Welcome to Part Nine of our summer diversion in Tales for Our Time - The Prisoner of Windsor, my contemporary inversion of the Anthony Hope 19th century classic in which an English gentleman has to fill in for a Ruritanian king at his coronation. Since then, Ruritania has lurched through fascism, communism, civil war and transnational administration, so the chap who would have been king finds himself in London having to cover for an English "gentleman".
I want to add my thanks to your words about allowing time for joyful pursuits, even if it's just a few minutes a day. Today, I hopped in the car with my camera, drove away from my stifling city, and explored parts of the state I had never seen before. It was refreshing and invigorating--and not a mask in sight!
Good for you. And then Jennifer adds:
I had The Prisoner of Windsor playing through my speakers as I drove, so I was laughing all the way! Thanks again, Mark.
Thank you, Jennifer. Glad to hear it contributed to the day's joy. In tonight's episode Rudy Elphberg gets an invitation to Windsor Castle - and leans more about the United Kingdom's summer of discontents:
A large non-virodistant demonstration was camped outside: The After-Life Movement. A nice girl called Roslyn, who had very stylishly threaded her nose ring through her face mask, handed me a leaflet: The After-Life Movement was only ten euros to join â€“ they didn't accept pounds sterling because that was the currency of slave-trading and white supremacism. Unfortunately for Roslyn, pounds was all I had. 'Is it about the afterlife?' I asked. 'Heaven? The angelic host?'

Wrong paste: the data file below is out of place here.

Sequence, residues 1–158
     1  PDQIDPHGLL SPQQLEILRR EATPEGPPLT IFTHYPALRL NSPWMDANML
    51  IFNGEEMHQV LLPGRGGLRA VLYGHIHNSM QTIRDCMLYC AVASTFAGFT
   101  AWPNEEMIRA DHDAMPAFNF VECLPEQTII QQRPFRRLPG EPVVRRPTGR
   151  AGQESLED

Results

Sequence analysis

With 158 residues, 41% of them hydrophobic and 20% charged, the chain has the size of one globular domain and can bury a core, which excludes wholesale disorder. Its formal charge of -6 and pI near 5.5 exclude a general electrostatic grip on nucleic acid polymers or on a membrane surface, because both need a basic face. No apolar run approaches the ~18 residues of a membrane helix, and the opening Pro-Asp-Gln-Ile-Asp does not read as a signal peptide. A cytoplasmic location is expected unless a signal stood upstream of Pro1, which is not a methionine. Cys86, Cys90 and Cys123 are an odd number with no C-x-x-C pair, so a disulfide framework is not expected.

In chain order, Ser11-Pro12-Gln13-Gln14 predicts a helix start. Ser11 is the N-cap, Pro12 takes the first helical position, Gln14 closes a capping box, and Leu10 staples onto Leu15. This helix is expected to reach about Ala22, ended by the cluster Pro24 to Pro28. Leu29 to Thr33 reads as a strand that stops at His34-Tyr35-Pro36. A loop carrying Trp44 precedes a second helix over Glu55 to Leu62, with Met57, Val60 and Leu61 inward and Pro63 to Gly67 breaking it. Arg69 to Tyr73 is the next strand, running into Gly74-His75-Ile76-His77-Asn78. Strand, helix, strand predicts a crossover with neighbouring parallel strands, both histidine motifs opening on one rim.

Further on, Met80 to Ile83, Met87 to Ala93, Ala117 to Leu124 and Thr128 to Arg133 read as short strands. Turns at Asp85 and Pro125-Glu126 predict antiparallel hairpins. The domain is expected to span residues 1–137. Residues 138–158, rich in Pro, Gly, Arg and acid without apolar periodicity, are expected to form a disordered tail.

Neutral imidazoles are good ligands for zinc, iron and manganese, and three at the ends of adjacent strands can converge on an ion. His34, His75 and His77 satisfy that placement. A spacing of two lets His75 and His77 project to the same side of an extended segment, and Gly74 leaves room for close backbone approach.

She explained that no, it was a movement for human extinction because only after human life had ended could the planet recover from the environmental devastation man had inflicted upon it. 'I've had my tubes tied,' she said, with a come-hither look. 'I can't face the thought of bringing a child into this world. And, for every one unborn British baby with an irresponsible First World carbon footprint, a Somali mother can have ten kids. Are you doing anything tonight?'
'Why? Would you like to see a movie?' I asked.
'We're having a meeting,' she said. 'We're suing the Church of England for hate speech because "Go forth and multiply" is a specific actionable threat of violence against the planet.'
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